IT, Marketing Have Tense Relationship: Deal With It
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Contrast her situation with a similar one I experienced at FedEx. It was a complicated project with hundreds of millions of dollars in revenue at stake, an impossible timeline, an external partner, and a contracted deadline. The difference with this project, compared with the American Airlines fiasco, was that IT was engaged early on, the project was assigned to a senior VP (me), and I had a crack IT team to develop the technical specs with our business colleagues and the external partner.
It was impossible to deliver the required functionality by the contracted start date, but the marketing and operations teams at both companies listened to and worked with both IT organizations to develop a skeleton set of Day 1 requirements that could be stood up in time. As it turned out, that Day 1 system uncovered numerous operational problems at both companies that had to be fixed. It would take a large team 15 months after the initial system went live to deliver all of the requirements, but the project was a success from the start.
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IT is often its own enemy. Analysts who know in minute detail how a system works often think they know more about what the customer wants than the marketing product manager does. Instead of teaming with marketing, they play games or create an antagonistic environment. I have had to remind far too many IT analysts and managers that no matter how many product managers come and go, in the end we own this system and it had better work right. It isn't the marketing people who are responding at 3 a.m. or working all weekend when the system doesn't work right and there are customer issues.
Focused on reaching customers. This third type of marketing organization is focused on advertising, customer events, customer research, market research, branding, and so on. Love these people. Almost all of their work is outsourced to specialists, and they throw great parties (and having never been late with one of their projects, I get invited).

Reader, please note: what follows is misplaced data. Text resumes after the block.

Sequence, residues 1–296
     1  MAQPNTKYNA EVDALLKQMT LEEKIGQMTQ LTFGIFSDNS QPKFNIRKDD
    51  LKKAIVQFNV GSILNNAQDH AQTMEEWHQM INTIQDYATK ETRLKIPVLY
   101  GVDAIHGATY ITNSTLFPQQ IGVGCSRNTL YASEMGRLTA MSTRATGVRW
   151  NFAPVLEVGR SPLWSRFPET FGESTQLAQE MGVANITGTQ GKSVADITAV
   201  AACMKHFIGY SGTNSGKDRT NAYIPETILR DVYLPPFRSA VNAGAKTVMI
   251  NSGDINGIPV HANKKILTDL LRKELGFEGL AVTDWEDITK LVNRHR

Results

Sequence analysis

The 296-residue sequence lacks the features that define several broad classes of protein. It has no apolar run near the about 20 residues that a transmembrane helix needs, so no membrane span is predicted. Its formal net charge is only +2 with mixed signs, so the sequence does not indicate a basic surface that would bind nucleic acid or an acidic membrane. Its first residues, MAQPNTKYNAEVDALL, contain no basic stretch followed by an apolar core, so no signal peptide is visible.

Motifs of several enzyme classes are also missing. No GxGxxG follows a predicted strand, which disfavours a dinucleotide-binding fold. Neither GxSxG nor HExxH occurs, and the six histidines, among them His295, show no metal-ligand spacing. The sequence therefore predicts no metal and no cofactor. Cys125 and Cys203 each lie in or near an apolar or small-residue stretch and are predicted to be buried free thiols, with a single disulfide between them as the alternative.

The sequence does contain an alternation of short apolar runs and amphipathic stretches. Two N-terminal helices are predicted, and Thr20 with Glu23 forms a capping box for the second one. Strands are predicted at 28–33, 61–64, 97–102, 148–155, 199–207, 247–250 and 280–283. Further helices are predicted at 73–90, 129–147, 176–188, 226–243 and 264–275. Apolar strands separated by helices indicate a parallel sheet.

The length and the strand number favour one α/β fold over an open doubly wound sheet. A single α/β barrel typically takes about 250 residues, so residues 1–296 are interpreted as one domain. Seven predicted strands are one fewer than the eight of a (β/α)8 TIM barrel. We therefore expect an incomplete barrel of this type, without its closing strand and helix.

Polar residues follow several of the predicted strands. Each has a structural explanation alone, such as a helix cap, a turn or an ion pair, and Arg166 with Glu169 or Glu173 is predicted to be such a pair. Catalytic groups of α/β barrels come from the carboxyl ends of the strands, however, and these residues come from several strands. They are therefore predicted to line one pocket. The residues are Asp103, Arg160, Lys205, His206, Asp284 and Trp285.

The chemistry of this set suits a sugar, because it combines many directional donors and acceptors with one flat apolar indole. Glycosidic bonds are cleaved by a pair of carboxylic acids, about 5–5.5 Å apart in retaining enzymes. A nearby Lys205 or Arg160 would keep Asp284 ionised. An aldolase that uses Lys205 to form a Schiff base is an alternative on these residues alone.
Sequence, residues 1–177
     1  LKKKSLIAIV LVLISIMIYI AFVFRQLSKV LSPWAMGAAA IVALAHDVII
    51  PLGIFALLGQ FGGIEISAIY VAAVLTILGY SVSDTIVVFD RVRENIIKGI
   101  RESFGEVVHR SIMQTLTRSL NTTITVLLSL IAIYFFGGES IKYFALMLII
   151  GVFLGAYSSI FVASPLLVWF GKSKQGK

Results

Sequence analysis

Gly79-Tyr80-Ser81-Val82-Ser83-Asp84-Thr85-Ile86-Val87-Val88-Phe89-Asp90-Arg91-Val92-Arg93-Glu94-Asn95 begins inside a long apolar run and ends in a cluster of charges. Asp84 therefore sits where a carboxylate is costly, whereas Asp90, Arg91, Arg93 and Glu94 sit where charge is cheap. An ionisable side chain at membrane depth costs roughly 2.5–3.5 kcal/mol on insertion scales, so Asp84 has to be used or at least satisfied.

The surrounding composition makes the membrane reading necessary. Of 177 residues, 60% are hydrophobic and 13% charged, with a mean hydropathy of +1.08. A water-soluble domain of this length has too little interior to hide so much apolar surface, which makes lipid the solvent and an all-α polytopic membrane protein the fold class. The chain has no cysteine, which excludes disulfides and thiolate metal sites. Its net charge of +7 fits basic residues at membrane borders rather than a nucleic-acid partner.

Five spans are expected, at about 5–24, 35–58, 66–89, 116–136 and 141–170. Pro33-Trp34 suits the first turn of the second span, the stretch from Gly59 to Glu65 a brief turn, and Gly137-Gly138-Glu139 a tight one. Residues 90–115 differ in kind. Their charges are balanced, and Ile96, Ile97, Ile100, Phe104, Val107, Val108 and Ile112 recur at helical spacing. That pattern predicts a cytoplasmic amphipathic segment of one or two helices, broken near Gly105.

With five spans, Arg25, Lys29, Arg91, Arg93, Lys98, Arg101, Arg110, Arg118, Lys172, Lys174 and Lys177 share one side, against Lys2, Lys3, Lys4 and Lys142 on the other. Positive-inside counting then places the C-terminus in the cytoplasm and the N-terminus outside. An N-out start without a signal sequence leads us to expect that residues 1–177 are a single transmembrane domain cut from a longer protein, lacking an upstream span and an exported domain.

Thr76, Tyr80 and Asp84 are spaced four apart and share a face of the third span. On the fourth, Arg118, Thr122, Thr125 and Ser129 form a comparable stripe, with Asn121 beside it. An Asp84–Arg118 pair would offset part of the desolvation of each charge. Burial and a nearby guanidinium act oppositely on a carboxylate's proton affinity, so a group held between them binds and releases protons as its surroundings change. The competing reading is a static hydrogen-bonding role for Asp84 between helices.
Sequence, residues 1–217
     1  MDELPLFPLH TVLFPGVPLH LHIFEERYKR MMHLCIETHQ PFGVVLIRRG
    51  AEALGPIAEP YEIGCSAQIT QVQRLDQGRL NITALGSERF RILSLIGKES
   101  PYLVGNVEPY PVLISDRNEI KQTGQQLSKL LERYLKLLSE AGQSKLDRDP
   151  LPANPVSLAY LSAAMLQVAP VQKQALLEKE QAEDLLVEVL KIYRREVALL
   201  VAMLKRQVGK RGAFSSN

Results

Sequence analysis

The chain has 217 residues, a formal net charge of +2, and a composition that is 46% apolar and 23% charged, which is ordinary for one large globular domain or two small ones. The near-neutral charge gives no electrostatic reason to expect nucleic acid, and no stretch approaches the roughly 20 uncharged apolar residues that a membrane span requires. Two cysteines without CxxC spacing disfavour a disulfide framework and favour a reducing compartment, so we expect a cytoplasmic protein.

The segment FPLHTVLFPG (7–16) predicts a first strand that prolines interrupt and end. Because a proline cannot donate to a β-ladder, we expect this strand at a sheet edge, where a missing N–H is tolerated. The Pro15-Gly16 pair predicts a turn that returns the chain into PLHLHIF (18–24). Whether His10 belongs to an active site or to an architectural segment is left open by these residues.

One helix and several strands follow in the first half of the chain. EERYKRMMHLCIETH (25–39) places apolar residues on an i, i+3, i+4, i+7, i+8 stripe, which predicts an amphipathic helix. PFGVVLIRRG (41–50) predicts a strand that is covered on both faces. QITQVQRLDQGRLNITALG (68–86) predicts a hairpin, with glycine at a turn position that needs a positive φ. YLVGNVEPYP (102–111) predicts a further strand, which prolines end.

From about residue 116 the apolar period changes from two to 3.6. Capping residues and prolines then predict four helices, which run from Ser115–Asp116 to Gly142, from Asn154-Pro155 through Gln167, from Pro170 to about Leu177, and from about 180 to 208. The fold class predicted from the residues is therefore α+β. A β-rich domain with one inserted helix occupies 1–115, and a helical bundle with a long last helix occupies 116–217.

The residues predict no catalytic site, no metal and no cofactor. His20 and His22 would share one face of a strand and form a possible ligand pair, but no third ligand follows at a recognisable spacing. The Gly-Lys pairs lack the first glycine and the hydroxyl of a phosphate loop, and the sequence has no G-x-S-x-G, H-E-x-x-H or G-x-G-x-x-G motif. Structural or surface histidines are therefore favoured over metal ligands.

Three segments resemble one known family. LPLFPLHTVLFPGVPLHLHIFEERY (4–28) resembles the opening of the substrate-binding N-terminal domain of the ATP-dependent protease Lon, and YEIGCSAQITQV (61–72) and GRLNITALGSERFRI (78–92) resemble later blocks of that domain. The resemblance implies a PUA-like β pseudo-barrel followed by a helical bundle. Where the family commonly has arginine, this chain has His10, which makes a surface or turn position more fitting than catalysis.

There's a lot written about the CMO/CIO struggle over control of the digital marketing strategy. Usually, the conflict between IT and marketing comes down to the need for precision, completeness, and operational efficiency on the part of IT and speed on the part of marketing.
I have seen all the problems with marketing organizations. There are the stratospheric-level business requirements and the intolerance for detail; the inconsistent and constantly changing business requirements; and the frequent changes in product managers so that no one from marketing ever seems to be responsible for bad product decisions.
And the lack of mutual respect.
This isn't another everyone-needs-to-play-nice conclusion. The truth of the matter is that there's a natural tension between IT and marketing that successful leaders in both organizations need to use and control to deliver innovative products and services. In very few companies, in any industry, can IT alone develop and deliver products. There are, however, a lot of marketing organizations that can successfully hire IT work--and they will get better at it. And as digital marketing and new generations of mobile products become more critical, the internal IT organization might become less important to marketing.
As frustrating as it can be for IT organizations to work with marketing organizations, IT leadership needs to just get over it.
Dr. Larry Tieman has been a senior VP at FedEx, a CIO, or a CTO for the last 20 years. He has worked with some of the great CIOs, including Max Hopper, Charlie Feld, and Rob Carter. He can be reached at Larry@LarryTieman.com.
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